This morning I stumbled upon this really great blog post by Rachel Bilbro (@RebeccaBilbro), a data scientist and developer from District Data Labs ). It's a really nice piece about how to get started with open-source data and software development. Contributing to open-source software can be daunting, but as Rebecca points out, the barrier to starting is surprisingly low. You also don't have to be an expert programmer or know everything about GitHub to start contributing... and that is a good thing!
It's worth following @DistrictDataLab on Twitter. They are a data science research institute, data product incubator, and open source collaborative that seems to be working on really interesting projects.
Rebecca's blog post in a nutshell...
Step 1 – Buy into version control
Step 2 – Figure out the Git/GitHub basics
Step 3 – Find the README
Step 4 – Read the Issues
Step 5 – Fork It
Step 6 – Submit a Pull (Merge) request
Next Steps (advanced) – Learn Git Branching & Semantic Versioning
If you are still feeling overwhelmed and need a breather before you dive in, I can highly recommend watching Thrift Code
– Made with love at .Astronomy6.
Last weekend I had the privilege of participating in the University of Melbourne's annual Women in Science (formerly Women in Physics – WIP) weekend getaway. I was invited to talk about my career path and to serve as a mentor for a new bunch of eager young women scientists. Not surprisingly we had a lot of fun. The first time I attended WIP was way back in 1997 (yes that's twenty years ago, if you can believe it?!) when I was a 3rd year undergrad in Physics. I remember getting a lift up to Daylesford with Virginia Kilborn (@astrogin); an Honours or PhD student at the time, and now a Professor in Astrophysics at Swinburne University of Technology and President of the Astronomical Society of Australia. I also remember being really timid and a little bit in awe of the women who talked about their careers. It might possibly have been the first time I realised that you really could have a career as an astronomer, as opposed to being a lecturer who just happened to teach astrophysics.
This year's cohort were just like me 20 years ago; somewhat overwhelmed by all the discussion, not really knowing what they wanted to do in the long-term, let alone where they were heading now, and dealing with all the negative things we told them about being a women in science. I can't help but feel like we ought to have focussed on the many wonderful reasons we put ourselves through PhDs and academic careers. Having said that we did have a lot of fun (dinner, drinks, boardgames, bike rides), and everything we talked about was really useful and productive.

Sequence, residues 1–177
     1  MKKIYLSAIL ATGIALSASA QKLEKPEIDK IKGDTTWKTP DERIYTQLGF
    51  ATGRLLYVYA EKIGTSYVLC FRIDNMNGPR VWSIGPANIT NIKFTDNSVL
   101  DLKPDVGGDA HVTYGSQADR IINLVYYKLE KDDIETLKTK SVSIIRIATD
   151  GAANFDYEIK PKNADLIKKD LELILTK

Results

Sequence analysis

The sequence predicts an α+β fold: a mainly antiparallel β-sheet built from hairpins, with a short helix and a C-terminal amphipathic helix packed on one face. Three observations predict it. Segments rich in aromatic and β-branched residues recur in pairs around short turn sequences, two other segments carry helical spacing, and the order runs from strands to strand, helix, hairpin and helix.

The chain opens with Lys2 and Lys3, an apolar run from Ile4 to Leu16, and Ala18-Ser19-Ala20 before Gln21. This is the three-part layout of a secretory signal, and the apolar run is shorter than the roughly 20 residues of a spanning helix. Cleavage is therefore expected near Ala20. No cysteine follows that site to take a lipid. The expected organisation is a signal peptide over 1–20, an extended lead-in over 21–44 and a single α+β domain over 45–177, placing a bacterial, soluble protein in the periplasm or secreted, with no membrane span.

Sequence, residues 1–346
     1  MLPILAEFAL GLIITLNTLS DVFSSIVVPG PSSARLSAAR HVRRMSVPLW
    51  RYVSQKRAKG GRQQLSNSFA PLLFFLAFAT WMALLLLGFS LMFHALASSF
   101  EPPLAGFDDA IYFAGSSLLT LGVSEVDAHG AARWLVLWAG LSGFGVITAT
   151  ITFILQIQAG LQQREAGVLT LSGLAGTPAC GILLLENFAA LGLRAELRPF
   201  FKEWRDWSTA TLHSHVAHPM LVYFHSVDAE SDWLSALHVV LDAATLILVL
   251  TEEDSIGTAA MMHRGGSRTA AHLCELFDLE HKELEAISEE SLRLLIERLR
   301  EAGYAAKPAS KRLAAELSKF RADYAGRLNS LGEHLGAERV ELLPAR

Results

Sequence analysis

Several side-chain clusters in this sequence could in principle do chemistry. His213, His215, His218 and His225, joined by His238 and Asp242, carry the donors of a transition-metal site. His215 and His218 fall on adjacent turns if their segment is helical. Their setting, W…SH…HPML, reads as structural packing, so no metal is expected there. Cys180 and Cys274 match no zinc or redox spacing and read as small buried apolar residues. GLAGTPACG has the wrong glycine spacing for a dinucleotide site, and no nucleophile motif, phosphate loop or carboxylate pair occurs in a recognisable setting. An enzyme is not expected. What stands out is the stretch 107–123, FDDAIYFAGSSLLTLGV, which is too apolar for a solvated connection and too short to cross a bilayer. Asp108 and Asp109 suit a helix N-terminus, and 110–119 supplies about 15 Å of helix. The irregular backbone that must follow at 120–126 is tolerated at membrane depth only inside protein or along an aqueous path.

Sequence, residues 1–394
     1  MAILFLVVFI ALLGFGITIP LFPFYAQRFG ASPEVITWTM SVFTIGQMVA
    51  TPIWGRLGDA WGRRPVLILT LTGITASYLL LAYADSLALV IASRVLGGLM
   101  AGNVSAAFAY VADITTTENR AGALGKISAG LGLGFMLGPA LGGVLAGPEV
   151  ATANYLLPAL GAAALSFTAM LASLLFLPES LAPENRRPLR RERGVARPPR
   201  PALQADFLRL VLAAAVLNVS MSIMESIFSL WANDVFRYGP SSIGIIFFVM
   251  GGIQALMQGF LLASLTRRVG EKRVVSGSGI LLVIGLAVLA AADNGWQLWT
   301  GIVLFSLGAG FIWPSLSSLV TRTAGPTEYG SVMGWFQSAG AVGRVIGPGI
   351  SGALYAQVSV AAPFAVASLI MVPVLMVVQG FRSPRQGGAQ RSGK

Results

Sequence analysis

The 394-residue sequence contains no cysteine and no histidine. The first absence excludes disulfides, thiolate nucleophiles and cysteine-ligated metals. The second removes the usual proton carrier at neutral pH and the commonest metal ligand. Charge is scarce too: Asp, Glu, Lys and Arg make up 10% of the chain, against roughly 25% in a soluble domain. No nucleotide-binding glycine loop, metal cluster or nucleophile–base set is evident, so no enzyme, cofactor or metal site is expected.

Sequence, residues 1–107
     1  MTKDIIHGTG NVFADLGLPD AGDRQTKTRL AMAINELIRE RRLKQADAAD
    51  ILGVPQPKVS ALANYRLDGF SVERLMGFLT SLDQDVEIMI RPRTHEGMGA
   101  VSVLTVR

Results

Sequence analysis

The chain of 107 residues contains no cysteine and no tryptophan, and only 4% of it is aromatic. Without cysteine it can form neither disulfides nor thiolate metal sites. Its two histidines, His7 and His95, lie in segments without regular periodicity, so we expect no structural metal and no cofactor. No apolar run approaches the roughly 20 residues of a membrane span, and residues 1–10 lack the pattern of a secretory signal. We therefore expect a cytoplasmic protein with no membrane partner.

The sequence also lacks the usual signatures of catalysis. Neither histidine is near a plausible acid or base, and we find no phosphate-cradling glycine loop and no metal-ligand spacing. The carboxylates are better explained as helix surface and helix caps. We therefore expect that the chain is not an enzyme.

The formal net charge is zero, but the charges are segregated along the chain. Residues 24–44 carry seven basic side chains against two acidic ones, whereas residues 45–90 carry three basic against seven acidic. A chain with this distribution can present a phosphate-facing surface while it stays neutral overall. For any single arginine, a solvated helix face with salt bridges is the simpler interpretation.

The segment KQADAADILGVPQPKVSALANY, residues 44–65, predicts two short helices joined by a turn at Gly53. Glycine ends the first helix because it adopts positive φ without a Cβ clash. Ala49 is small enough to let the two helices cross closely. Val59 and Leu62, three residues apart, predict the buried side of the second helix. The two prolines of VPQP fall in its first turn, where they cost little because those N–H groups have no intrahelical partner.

The project began in November 2015 with the aim of investigating the potential of machine learning over the next 5-10 years, and the barriers to realising that potential in the UK. As it carried out its investigation, the project engaged with key audiences – in policy communities, industry, academia, and the public – to raise awareness of machine learning, understand views held by the public and contribute to public debate about this technology, and identify the key social, ethical, scientific, and technical questions that machine learning presents.
The full report (PDF, 3.3Mb) published on the 25th April 2017, comes at a critical time in the rapid development and use of this technology, and the growing debate about how it will reshape the UK economy and people’s lives.
Yesterday, Astronomy Australia Limited's (AAL) Astronomy e-Research Advisory Committee (AeRAC) , met to discuss the astronomy community's computing needs, and to review and recommend currently funded infrastructure projects. This was our second meeting for the year.
Meetings tend to be quite long, often 2–3 hours each, but with so much to get through, time always seems to pass more quickly than it ought to. Given the upcoming Federal budget announcements, it's perhaps not surprising that a lot of discussion was centred around the National Collaborative Research Infrastructure Strategy (NCRIS), and what that might look like i for the 2017/2018 year. As well as AAL, most of the high performance computing and cloud infrastructure for research, such as NeCTAR, NCI, Pawsey, and ANDS are also funded through NCRIS. So the potential loss of funding, or access to services is something the community (and AAL and AeRAC in particular,) needs to prepare for.
We also discussed the new Astronomy Data & Computing Services (ADACS) initiative, which launched earlier this year. Contract negotiations are complete with most of the new staff embedded at Swinburne and Curtain University. So far everything seems to be running pretty smoothly. ADACS has taken just over a year to get off the ground, from initial inception to launch and I think it's going to do a really great job of serving the community. I've been pushing for something like ADACS (or something more ambitious) for the past few years, so I really pleased to see it finally have a presence.
It's always really nice to hear where the All-Sky Virtual Observatory (ASVO) projects are at, especially since I'm not really involved in any of them. I've previously sat on ASVO–TAO selection panels and it was one of the projects I kept a close eye on when I worked at Swinburne Research but I was never directly involved in the projects. The other projects are ASVO–SkyMapper, ASVO–AAT, and ASVO–MWA.